Your Neighbor: Meet Monica Chamberlain
Published 12:00 am Thursday, July 16, 2020
By Mandy Haggerson
For the Clemmons Courier
The youngest of six children, Monica Chamberlain learned the value of family early on in life. “I couldn’t imagine being my parents and trying to take care of six kids. My oldest brother was only seven years older than me. There were always a lot of people around all the time, “reflects Chamberlain. She grew up in upstate New York. “Like most kids during that time, we were outside a lot. I think that’s where I developed my love and appreciation for being in my garden.”
Though Chamberlain spent most of her time during her childhood in Auburn, her family moved around a lot during high school. “I went to three different high schools. It was a little disruptive to get established. But what it did teach me was that there were good people everywhere. It helps me appreciate different people and places,” remembers Chamberlain. “I had taken up the flute and enjoyed being in the band during those times,” mentions Chamberlain.
After Chamberlain finished high school, she headed to college at the University of Massachusetts in Amherst for a year. “After my first year of college, both my mother and sister had moved to Tampa, Florida,” remembers Chamberlain. “I decided to join them and left school to immediately begin working,” explains Chamberlain. She got a job for a telecommunications company that was a predecessor to Verizon when she was 19. “They taught me how to program computers,” says Chamberlain. “I eventually ended up getting my degree in my 30s at the University of South Florida in Tampa.”
Chamberlain decided after gaining valuable work experience and a degree in Tampa that it was time to make a change. “By that time, in 1995 Tampa’s crime rate was going up, gangs were a problem, and you couldn’t get away from it,” notes Chamberlain. She had also become newlywed, and was contemplating starting a family. “My oldest daughter, Lucy, was born in 1996 and my youngest child, Zoe, in 1998,” remembers Chamberlain. “Your life changes when you’re a mom. You are fearless when it comes to advocating for your kids.”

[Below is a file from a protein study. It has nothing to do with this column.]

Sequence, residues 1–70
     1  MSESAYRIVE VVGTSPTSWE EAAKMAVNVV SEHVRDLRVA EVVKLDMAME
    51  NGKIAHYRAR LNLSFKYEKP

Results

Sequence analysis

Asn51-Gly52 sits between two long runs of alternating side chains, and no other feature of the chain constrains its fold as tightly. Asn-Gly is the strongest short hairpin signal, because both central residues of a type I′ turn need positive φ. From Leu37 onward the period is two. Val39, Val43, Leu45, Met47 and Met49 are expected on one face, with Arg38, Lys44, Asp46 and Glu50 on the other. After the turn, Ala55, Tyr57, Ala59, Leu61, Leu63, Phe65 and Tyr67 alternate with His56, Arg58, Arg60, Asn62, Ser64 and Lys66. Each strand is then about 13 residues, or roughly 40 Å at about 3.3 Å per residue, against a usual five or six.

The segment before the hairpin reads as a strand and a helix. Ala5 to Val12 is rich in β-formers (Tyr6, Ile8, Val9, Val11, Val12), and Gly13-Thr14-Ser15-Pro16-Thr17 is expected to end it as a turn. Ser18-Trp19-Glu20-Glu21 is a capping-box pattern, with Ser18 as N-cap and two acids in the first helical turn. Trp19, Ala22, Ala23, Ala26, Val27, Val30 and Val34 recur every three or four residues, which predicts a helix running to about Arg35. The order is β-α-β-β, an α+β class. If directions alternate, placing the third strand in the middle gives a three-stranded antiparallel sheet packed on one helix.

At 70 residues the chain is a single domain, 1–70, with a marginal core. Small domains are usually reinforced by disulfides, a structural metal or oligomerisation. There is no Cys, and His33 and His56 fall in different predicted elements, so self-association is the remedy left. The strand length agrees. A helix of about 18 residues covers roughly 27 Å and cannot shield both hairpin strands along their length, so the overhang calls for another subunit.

Chamberlain learned firsthand the importance of gaining that newfound perspective. “My daughter Lucy was born with Asperger’s Syndrome. She’s incredibly brilliant. She was reading when she was three years old but she struggled with social skills and didn’t have a filter,” explains Chamberlain. “Not everyone understood that and she was teased. We pulled her out at the school she was in during third grade and enrolled her in Forsyth Country Day School where she had a shadow to help her with the social aspect. By 10th grade, she no longer needed her aide. We had a wonderful experience.”
Chamberlain navigated parenthood as a single mom. She and her husband had divorced when Lucy and Zoe were young. “Six months after Zoe was born, I was working for then-Wachovia (which has since become Wells Fargo) when we were navigating Y2K. It was an interesting time then. It has been a great company to work for because there has been so much flexibility as a mom,” says Chamberlain, who still currently works for the company.
Chamberlain’s children are both now grown and so family time with them as young adults is different. “Zoe and I went to Europe together for my first time in 2018. We went to see Paul Simon in London on his farewell tour. We loved going to Paris, France and exploring the culture,” remembers Chamberlain.
Although, with COVID-19, Chamberlain has had to halt her traveling adventures, she escapes to new places through her passion for reading. “If I’m not reading, I’m enjoying time in my garden,” says Chamberlain. She anticipates the time where she can resume traveling to new places.
Another point of anticipation for Chamberlain is getting back into her regular church activities at River Oaks Community Church in Clemmons. “I get to work with the infants. I move with them as they grow and get older too, so it’s a real bonding experience. Children are just so pure and honest. We haven’t been able to meet in person since March 1, and I miss it tremendously. It’s always been my favorite hour of the week working with those children,” remembers Chamberlain.
Chamberlain still is able to give back to the community in other ways in the meantime. Chamberlain is a foster for kittens that have been abandoned through the Humane Society of Davie County. Over the past few months with COVID-19, Chamberlain has saved several litters of kittens by taking them into her home and helping them find forever families.
Our neighbor has always placed an emphasis on enhancing the world around her, even during these uncertain times.